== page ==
The Thunderbots are an all-girl STEM robotics team that began volunteering at Orangevale Library in September 2018. As part of the Lego Mindstorms League, they’ve been able to change the league landscape by winning awards and competitions.
Being the only team from California and winning an award for our country is incredible.
Earlier this year, they were one of 100 teams from around the world invited to compete in the First Lego League Open International in Turkey. This is a tournament where the best robotics teams from around the world come to compete for awards. While they were overseas, the team won the Inspiration Award for continuously inspiring people inside and outside of their community.
Sudheer Padinchara, the coach of the Thunderbots, has also been inspired by what the girls have been able to accomplish. “The experience we gained from competing against 82 teams from over 40 countries was amazing,” Padinchara said. “Being the only team from California and one of three teams representing the United States (the other two from Virginia and Illinois) and winning an award for our country is simply incredible.”
Being at the forefront of this new movement, the Thunderbots have helped teach many children and adults about robotics through their partnership with the Sacramento Public Library. The three members of the team, Samyukta Sudheer, Avanti Ramraj, Diya Iyer and Easha Narayanan, are a symbol of inspiration for young girls who grow up wanting to succeed in engineering. They have broken barriers in robotics communities around the world for their work over the past couple of years.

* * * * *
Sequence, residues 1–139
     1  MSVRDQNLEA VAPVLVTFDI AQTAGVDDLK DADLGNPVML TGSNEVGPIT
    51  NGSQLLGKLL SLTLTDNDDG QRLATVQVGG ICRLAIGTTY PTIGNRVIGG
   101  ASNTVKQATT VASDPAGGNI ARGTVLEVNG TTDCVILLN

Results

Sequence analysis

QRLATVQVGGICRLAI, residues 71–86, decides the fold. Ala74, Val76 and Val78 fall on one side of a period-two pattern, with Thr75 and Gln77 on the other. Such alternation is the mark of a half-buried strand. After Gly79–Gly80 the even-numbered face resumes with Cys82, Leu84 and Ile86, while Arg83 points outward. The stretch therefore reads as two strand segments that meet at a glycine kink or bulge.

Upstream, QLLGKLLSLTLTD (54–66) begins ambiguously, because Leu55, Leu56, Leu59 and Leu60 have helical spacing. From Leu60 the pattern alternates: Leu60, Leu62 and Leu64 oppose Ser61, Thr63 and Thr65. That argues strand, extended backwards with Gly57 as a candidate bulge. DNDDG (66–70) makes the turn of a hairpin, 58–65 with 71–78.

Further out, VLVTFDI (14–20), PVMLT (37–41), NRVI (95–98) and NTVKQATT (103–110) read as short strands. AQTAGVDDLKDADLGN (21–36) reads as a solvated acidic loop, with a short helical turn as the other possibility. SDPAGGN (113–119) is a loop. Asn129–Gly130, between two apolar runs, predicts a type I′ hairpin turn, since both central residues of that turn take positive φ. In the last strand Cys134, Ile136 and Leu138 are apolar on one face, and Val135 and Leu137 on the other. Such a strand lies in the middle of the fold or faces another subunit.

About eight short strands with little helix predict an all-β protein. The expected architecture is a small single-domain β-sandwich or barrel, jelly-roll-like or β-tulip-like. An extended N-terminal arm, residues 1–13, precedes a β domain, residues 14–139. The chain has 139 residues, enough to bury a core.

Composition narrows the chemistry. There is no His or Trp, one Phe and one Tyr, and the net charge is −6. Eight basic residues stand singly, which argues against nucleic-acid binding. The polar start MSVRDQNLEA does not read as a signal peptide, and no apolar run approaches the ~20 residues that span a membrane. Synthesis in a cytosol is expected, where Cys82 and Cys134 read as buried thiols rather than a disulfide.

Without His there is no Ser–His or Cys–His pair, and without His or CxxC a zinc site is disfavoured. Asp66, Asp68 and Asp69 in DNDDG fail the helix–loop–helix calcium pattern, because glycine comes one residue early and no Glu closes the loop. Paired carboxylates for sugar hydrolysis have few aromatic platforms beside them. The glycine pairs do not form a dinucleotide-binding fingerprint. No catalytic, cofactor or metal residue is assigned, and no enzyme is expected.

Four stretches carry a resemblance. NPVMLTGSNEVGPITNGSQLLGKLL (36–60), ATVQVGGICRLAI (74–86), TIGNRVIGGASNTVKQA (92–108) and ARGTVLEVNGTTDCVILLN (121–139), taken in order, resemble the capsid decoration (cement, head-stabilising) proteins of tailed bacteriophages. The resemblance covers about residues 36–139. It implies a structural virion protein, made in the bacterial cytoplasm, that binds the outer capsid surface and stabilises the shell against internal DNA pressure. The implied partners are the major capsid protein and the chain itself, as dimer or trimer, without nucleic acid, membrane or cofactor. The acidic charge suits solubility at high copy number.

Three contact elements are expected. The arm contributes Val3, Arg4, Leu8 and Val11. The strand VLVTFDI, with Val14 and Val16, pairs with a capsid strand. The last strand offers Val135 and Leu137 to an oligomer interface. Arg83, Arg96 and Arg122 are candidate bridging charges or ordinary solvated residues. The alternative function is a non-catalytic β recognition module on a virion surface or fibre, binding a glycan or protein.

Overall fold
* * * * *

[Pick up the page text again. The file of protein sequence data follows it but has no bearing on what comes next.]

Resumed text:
The Thunderbots have STEM workshops scheduled to help children and adults build robots throughout 2019 at Orangevale Library. Bruce Barber, the library supervisor, has been an advocate for the STEM robotics program. “The kids attending the workshops love the activity, and most adults that walk into the library are intrigued by what the kids are doing during the program. As a result, we have additional partnerships and will be offering more robotics programs throughout the system.”
Padinchara said he is very proud to be hosting these programs with his team. “The classes offered are hosted twice a week every other week. These classes will teach kids how to build a robot and program it using the Lego Mindstorms EV3 software.” Padinchara said. “We especially want to give a chance to underprivileged children to explore robotics using Lego EV3, and the library gives us that opportunity.”
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